Almost all of the learning paradigms used in machine learning, learning automata (LA), and learning theory, in general, use the philosophy of a Student (learning mechanism) attempting to learn from a teacher. This paradigm has been generalized in a myriad of ways, including the scenario when there are multiple teachers or a hierarchy of mechanisms that collectively achieve the learning. In this paper, we consider a departure from this paradigm by allowing the Student to be a member of a classroom of Students, where, for the most part, we permit each member of the classroom not only to learn from the teacher(s) but also to "extract" information from any of his fellow Students. This paper deals with issues concerning the modeling, decision-making process, and testing of such a scenario within the LA context. The main result that we show is that a weak learner can actually benefit from this capability of utilizing the information that he gets from a superior colleague-if this information transfer is done appropriately. As far as we know, the whole concept of Students learning from both a teacher and from a classroom of Students is novel and unreported in the literature. The proposed Student-classroom interaction has been tested for numerous strategies and for different environments, including the established benchmarks, and the results show that Students can improve their learning by interacting with each other. For example, for some interaction strategies, a weak Student can improve his learning by up to 73% when interacting with a classroom of Students, which includes Students of various capabilities. In these interactions, the Student does not have apriori knowledge of the identity or characteristics of the Students who offer their assistance.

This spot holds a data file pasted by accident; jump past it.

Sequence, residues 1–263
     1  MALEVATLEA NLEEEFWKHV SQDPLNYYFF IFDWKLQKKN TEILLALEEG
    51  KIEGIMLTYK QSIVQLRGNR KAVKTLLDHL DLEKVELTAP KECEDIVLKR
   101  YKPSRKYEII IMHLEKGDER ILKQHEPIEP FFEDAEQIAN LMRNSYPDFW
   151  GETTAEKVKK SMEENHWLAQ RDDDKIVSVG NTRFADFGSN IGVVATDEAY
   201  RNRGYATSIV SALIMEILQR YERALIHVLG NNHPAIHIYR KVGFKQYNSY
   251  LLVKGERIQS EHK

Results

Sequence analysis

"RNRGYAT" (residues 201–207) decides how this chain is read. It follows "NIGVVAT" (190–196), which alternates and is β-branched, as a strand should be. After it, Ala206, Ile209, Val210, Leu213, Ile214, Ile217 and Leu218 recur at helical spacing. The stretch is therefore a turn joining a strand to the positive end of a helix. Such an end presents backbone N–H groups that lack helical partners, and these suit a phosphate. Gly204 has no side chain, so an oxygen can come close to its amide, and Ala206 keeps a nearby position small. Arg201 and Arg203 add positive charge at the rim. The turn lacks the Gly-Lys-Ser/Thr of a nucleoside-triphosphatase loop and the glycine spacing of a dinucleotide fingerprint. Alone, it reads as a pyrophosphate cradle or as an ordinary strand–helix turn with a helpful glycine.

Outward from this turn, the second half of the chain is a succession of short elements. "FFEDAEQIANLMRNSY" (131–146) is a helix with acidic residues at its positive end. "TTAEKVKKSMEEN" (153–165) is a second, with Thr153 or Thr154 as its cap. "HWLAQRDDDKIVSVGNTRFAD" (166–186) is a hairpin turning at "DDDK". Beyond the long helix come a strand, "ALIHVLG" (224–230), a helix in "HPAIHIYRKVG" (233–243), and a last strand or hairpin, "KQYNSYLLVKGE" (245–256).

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Keywords Learning automata (LA), Modeling of adaptive systems, Student interaction, Tutorial-like systems
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Journal IEEE Transactions on Systems, Man, and Cybernetics, Part B: Cybernetics
Oommen, J, & Hashem, M.K. (M. Khaled). (2010). Modeling a Student-classroom interaction in a tutorial-like system using learning automata. IEEE Transactions on Systems, Man, and Cybernetics, Part B: Cybernetics, 40(1), 29–42. doi:10.1109/TSMCB.2009.2032414